Sure, we all know about the likes of Henri Cartier Bresson, one of the most influential street photographers of all time, and while his work certainly needs to be seen and studied by modern photographers, Cartier Bresson isn’t the only street photographer who has caught our eyes. Let’s take a moment and celebrate these eight street photographers who are making a name for themselves.
Photography can’t be all f-stops and shutter speeds; megapixels and frames per second shouldn’t dominate your thought process each time you reach for your camera. At the heart of meaningful, visually arresting photography lies attitude; how do you think and feel about what you’re shooting? You might try drawing inspiration from a few lessons that can be applied to life itself as easily as they can be to photography.
Every single one of us holds assumptions. They are part of being human. We assume there won’t be too much traffic on the way home from work, or that there will be way too much. We assume that we’ll be able to pull the details out of the sky, or we assume that the camera doesn’t have enough dynamic range. In doing so, we are putting limits on ourselves. This post sheds light on 10 such critical assumptions.
Let me ask you a question. Why aren’t you creating right now? I don’t mean right now. I mean now in a general sense. The general-now. The now that’s touching us on all sides. So what can you do to start creating? Well, it’s not as tough as you think it is. All you need to do is understand what’s coming in the way and take simple steps towards your goal.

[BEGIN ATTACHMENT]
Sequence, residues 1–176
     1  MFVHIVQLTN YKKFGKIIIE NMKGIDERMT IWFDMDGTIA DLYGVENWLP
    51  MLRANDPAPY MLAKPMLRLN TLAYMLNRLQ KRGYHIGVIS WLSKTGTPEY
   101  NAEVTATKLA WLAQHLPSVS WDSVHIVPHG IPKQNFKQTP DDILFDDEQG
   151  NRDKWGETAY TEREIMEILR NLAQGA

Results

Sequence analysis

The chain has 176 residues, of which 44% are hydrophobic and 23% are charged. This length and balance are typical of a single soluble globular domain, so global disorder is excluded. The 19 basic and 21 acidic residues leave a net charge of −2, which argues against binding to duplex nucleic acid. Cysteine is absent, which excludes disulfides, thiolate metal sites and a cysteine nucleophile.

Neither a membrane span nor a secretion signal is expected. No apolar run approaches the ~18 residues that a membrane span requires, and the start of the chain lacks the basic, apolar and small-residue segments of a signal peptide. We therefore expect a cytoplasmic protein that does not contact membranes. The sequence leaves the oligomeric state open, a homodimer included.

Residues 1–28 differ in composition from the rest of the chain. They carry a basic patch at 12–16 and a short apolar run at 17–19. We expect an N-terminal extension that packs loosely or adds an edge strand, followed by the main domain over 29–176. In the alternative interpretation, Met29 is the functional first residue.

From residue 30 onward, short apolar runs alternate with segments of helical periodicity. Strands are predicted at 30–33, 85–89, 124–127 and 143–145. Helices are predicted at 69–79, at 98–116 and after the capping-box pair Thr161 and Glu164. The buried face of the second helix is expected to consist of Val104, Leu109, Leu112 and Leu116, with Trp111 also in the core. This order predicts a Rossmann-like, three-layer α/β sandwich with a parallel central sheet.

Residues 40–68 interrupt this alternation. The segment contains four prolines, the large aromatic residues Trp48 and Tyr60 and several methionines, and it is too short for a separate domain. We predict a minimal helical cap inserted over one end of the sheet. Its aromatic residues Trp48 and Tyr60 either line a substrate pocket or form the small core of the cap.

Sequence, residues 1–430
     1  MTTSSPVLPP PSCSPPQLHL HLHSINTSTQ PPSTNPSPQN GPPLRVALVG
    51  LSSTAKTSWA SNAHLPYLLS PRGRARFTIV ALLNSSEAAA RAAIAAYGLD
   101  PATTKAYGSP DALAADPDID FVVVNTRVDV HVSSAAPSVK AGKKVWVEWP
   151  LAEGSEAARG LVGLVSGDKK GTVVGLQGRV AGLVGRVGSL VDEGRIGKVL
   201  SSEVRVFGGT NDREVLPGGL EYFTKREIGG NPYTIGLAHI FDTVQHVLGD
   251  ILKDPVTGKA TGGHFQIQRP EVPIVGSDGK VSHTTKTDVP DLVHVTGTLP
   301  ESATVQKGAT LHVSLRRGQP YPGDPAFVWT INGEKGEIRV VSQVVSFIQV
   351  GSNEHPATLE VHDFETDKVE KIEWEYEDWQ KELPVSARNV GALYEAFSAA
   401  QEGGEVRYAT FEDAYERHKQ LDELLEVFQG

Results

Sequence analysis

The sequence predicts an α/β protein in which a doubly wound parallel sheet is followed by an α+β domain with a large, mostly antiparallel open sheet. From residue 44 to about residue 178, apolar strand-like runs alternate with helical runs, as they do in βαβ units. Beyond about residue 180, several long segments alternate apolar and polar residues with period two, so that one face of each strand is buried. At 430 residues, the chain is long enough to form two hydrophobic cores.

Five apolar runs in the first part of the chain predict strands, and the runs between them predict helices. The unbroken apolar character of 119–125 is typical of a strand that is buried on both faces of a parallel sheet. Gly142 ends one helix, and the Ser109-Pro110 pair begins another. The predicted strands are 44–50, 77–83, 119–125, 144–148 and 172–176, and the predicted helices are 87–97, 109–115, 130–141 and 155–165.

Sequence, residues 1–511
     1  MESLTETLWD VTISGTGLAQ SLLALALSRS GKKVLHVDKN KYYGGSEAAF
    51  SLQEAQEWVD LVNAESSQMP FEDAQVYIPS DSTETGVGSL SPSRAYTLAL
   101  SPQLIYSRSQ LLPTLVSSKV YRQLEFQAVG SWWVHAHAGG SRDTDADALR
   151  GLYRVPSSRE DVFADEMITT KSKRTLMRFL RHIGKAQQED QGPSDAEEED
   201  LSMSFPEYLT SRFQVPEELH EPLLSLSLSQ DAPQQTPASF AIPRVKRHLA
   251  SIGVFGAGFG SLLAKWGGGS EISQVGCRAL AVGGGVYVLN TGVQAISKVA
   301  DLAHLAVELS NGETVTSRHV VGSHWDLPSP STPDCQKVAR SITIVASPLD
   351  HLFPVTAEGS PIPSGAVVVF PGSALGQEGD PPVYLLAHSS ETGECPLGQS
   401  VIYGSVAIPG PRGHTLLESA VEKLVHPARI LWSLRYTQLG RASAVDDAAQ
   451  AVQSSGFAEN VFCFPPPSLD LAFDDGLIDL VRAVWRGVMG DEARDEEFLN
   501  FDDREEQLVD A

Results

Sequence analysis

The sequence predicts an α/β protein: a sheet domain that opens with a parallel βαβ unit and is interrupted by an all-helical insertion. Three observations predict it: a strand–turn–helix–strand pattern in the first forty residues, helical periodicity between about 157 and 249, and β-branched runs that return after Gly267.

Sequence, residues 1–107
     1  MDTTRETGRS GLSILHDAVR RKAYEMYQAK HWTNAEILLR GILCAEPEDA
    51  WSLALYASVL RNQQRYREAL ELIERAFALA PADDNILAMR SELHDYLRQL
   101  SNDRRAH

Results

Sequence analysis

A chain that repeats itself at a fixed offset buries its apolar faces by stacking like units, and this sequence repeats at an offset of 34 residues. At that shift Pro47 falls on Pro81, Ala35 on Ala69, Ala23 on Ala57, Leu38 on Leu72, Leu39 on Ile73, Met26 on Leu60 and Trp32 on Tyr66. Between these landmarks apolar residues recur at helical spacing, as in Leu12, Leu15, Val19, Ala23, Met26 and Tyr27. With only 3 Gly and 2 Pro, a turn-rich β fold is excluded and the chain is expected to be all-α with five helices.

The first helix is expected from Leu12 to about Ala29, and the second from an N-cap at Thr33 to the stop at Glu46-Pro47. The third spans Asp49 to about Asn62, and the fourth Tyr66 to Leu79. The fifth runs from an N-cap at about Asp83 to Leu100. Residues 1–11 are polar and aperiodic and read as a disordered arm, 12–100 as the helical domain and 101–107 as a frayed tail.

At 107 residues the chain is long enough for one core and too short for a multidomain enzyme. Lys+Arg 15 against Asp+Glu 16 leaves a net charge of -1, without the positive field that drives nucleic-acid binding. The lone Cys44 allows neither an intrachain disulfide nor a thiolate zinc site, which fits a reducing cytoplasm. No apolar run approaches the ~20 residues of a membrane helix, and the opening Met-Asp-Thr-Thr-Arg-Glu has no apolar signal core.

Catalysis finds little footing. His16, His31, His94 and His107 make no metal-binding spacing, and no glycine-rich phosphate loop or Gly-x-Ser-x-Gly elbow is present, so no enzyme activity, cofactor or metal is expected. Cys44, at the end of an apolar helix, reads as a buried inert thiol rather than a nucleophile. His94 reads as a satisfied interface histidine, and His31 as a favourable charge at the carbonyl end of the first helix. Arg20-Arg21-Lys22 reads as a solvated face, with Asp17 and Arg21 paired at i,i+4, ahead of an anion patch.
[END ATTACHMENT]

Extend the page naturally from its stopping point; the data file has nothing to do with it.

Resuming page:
We thought it would be helpful to put together a list of resources that photographers generally use and how they use them. This is a bit of a “living document” so expect new things to appear and old things to fall off. The (really long) list contains links to everything photography – books, tutorials, eBooks, magazines, news, niche resources, you name it!
Photography is the most wonderful hobby imaginable with so much scope for creativity and problem solving, not to mention travel and gear lust. But it isn’t entirely without its challenges. In fact, there are a few things that get downright annoying at times. We put together a tongue-in-cheek list that we think most photographers will relate to.
I was brought up in the days of film, the days of one hour mini lab printing on the high street of every small town, a time when having a physical print or slide sent shiver of satisfaction down your spine. But don’t get me wrong. I think digital is, quite frankly, superb. The problem is that in today’s instant, digital world, we tend to look at our images on a computer monitor or an iPad. This post will convince you to print your photos.
Ever seen a photographer in a movie? Well, we’ll leave out the likelihood that it was a male photojournalist in a war zone exposing the “truth” (like no other type of photographer exists) and move straight onto the golden cliches that Hollywood likes to push. Here are a few things that our new hero almost certainly has:
It’s common to hear someone say, “I am my own worst critic”. The idea that we judge ourselves more harshly than anyone else, is merited. But so are that critic’s comments. The artist gets to render judgement over his or her creation, whether it is good or bad. Their judgement is true and binding, if only in this limited courtroom of personal satisfaction. But the story doesn’t end there.
They say that everything old becomes new again. Indeed, life does tend to unfold around us in a cyclical fashion. But what about film photography? There surely seems to be a growing interest in film photography but, for many, the idea that film photography is “new again” doesn’t really fit, as they never completely gave up film even after the digital revolution took firm hold.